A new era for securitization in Europe?
In the last months the European securitization market has been at the center of public attention due to talks within EU institutions about an upcoming proposal to seek a substantial overhaul of the current regulation involving the European securitization industry. The proposed reform of the asset-backed securities (ABS) market is part of a broader “capital markets union” plan, whose objective is to increase the spectrum of market financing options for businesses who operate within the European Union.
The EU’s top financial services official, Lord Jonathan Hill, British member of the European Commission and supported in its action by the European Banking Authority, is set to propose a substantial reduction in capital charges for the securitization industry in an effort to jump-start and encourage a market seen as one of the main avenues for boosting lending across the 28-country bloc.
ABS provide a stream of income through their underlying assets, such as mortgages, car loans or credit card debt. MBSs (i.e. securities backed by a pool of mortgages, including the infamous “subprime”) played a central role in the recent financial crisis. The devastation caused by packaged US subprime mortgage loans (for this reason defined as “toxic assets”) scarred the entire industry, deterred investors and prompted a stricter regulatory approach across the US and the EU.
Total securitisation issuance in Europe declined to about €217bn in 2014 from €815bn in 2008, according to the Association for Financial Markets in Europe. In the US, a market now almost five times bigger than across the Atlantic, the fall was smaller, from €1.1tn to €935bn in 2014.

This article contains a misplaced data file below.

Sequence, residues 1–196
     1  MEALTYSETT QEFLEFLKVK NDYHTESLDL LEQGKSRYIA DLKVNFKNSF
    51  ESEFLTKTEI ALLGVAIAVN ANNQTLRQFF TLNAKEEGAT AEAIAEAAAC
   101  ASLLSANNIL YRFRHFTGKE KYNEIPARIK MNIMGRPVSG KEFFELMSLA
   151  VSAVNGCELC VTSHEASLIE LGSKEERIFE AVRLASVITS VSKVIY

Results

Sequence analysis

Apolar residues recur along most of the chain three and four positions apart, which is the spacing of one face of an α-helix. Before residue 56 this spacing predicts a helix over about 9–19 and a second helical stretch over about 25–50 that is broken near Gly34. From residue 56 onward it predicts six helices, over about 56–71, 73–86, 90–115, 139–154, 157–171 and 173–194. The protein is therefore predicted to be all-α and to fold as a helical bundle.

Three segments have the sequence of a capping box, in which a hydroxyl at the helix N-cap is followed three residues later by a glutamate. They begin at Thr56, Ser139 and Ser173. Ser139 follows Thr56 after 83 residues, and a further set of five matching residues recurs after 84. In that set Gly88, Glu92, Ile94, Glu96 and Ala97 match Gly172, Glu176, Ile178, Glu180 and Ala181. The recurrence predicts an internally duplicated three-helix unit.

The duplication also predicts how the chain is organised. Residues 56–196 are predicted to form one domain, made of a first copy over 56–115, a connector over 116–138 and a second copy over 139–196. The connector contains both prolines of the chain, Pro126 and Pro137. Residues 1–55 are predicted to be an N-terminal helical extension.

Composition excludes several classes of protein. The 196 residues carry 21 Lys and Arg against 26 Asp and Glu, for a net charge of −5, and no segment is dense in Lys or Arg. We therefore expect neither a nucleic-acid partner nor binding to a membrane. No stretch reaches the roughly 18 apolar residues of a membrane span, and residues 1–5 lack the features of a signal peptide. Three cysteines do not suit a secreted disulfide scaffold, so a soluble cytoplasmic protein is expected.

Active participants in the securitization industry, such as banks, securities firms and insurance companies, have repeatedly stated that the current restrictive capital charges imposed during the financial crisis have so far prevented them from reviving the weak European ABS market.
Financial institutions, including large multinational banks, have long argued that regulation on the ABS market has been far too aggressive and thus dramatically undermined the economic incentive for banks to engage in any type of securitization program, while having a severe impact on the availability of affordable credit in the whole economy.
Under the new plan, banks would be eligible for an average reduction of 25 per cent on the capital requirements they must meet on holdings of securitized debt that satisfy specific criteria of transparency, simplicity and standardization. The presence of that criteria clearly aims to prevent any future possible financial meltdown due to the excessive exploitation of credit derivatives by financial institutions.
The European Union identifies securitization activity as “an important element of well-functioning capital markets”, which fits well into the “capital markets union” objective set by the EU officials to be reach within the next few months. The EU’s goal is to “restart markets on a more sustainable basis” by favoring those asset-backed securities that meet a criteria of simplicity and transparency.
The reform should also be helped by the fact that, since early 2015, as part of its quantitative easing (QE) program, the ECB has been purchasing large amounts of ABS, directly supporting the market’s liquidity. The QE program is also expected to indirectly reduce the price risk associated with ABSs by increasing the demand for such securitized products, which should further encourage investors’ demand and issuers’ supply.
The European Union and the ECB see the proposed reform as a mean of increasing the flow of credit without necessarily triggering overleveraging, which was also one of the reasons of the collapse of the financial system.
Investors and the whole European economy could benefit from a more dynamic ABS market thanks to capital market-driven growth. Increased issuance and higher investor demand for securitized products would boost the profitability of global banks’ securitization programs, while lower capital requirements would eventually improve the returns on such activities.
Reviving high-quality securitization in Europe is also seen as the opportunity for the whole financial services industry to prove how financial innovation can still spur stronger economic growth and wider access to financing though responsible, forward-looking financial engineering.
WRITTEN BY EMANUELE ERBA FOR BESA
PLEASE DIRECT ANY INQUIRY TO AS.BESA@UNIBOCCONI.IT